Reflections: He kohinga whānau

Toi Tangata Kaiārahi Kai Māori Kai Ora, Haylee Koroi, made the move from Auckland to Hokitika earlier this year and has met, named, and can now easily identify at least 30 relatives, from ferns to trees, to shrubs and vines. It has been a beautiful reunion. 

We’ve been in Hokitika now for around four months which has been such a huge shift from city living. Our home is located in the dense green bush, a walk away from the glacial lake, Kaniere. The isolation is both comforting given the covid-19 situation and a struggle given the time-space distance from our whānau. In amongst the highs and lows, we’ve felt ourselves being woven into an extended support system, one defined by our more-than-human relations – the Tī Kouka, Kāmahi, Tanekaha and Rātā among many many others. Each relation calling our attention through strong sweet scents, bright cream or red flowers. 

Ko ēnei tohu whenua kei te tuku karere ki ngā mokopuna, akuni, ka puta ngā hua! These tohu whenua send a message to us, as they do to other mokopuna of Tāne, that the rākau will soon bear fruit. Whether we harvest from the fruits from our māra, or from the ngāhere, whether we use them for kai or rongoā, it is always good to know and take note of ngā tohu o te whenua and to prepare accordingly. Fruiting times are an important time for our rākau (just as they are important for us) as these hua are eaten, or fall to the ground, contributing to the dispersal of seed, and the setting of the next generation of rākau.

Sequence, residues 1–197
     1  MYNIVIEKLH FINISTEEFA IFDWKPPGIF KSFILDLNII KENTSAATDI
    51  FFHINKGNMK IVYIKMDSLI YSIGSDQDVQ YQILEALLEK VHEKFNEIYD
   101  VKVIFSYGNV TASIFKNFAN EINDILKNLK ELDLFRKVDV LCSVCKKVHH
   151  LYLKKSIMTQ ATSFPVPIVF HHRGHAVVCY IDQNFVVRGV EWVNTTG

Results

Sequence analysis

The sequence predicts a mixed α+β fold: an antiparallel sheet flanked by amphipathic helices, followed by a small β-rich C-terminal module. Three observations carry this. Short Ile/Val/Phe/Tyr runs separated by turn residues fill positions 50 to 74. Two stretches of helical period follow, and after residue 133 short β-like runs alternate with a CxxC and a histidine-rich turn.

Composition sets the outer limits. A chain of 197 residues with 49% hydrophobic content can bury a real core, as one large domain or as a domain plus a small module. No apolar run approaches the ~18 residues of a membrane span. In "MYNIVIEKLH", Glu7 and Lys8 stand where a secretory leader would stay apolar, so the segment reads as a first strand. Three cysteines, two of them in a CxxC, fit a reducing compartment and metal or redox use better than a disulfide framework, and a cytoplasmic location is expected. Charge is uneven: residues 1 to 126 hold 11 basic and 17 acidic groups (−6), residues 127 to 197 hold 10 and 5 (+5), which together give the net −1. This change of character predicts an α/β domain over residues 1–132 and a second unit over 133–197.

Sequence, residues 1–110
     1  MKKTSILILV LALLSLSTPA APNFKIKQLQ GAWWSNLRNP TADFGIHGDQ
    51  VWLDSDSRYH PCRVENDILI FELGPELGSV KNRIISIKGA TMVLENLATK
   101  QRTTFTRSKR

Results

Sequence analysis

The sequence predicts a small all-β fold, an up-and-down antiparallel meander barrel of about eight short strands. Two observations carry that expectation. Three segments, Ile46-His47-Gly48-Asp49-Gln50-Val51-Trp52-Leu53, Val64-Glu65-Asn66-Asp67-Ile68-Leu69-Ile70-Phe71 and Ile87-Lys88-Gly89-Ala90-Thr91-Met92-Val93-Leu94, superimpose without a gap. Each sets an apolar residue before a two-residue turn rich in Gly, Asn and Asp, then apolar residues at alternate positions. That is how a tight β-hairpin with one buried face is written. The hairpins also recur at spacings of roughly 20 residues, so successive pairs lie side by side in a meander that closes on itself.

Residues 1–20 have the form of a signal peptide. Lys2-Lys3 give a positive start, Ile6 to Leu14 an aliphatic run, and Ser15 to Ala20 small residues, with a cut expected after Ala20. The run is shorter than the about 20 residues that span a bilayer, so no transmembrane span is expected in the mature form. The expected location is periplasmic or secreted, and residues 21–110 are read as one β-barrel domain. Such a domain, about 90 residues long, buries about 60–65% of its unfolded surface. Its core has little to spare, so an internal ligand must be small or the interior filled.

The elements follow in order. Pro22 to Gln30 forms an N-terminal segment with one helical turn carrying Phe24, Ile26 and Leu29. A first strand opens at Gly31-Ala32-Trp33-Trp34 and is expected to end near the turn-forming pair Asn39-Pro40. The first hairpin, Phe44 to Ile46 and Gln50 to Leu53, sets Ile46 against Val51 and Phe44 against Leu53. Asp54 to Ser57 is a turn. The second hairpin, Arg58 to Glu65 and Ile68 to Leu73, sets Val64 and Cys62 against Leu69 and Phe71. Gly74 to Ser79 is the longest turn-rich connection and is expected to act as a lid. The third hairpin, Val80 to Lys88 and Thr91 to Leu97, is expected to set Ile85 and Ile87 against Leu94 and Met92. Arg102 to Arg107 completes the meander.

The Māhoe especially, which has buds forming along its stems, has made itself known through its sweet fragrance. I am reminded that our maunga back home is called Taumatamāhoe. This is the same beautiful smell that caught the attention of our tūpuna, and which prompted them to name our maunga. The scent of the Māhoe would be used as a perfume. Following the budding of the flowers, the deep purple berries of the mahoe will start to form. These berries were used in tāmoko ink, and we’ll soon experiment with them to see if they can dye fabrics well.  

We visit the same three or four forests across a few weeks and we’ve met, named, and can easily identify at least 30 relatives, from ferns to trees, to shrubs and vines. It has been a beautiful reunion. These are important learnings, we have realized, in restoring whanaungatanga with the ecosystems in which our kai and rongoa grow. We mihi to the pūnaha kai Māori, the Māori food systems which are calling us back into relation, and which we will meet either directly or indirectly on our plates. 

What rākau are flowering where you are at the moment? What are your more-than-human relations telling you? How can we use these tohu to prepare for the coming months?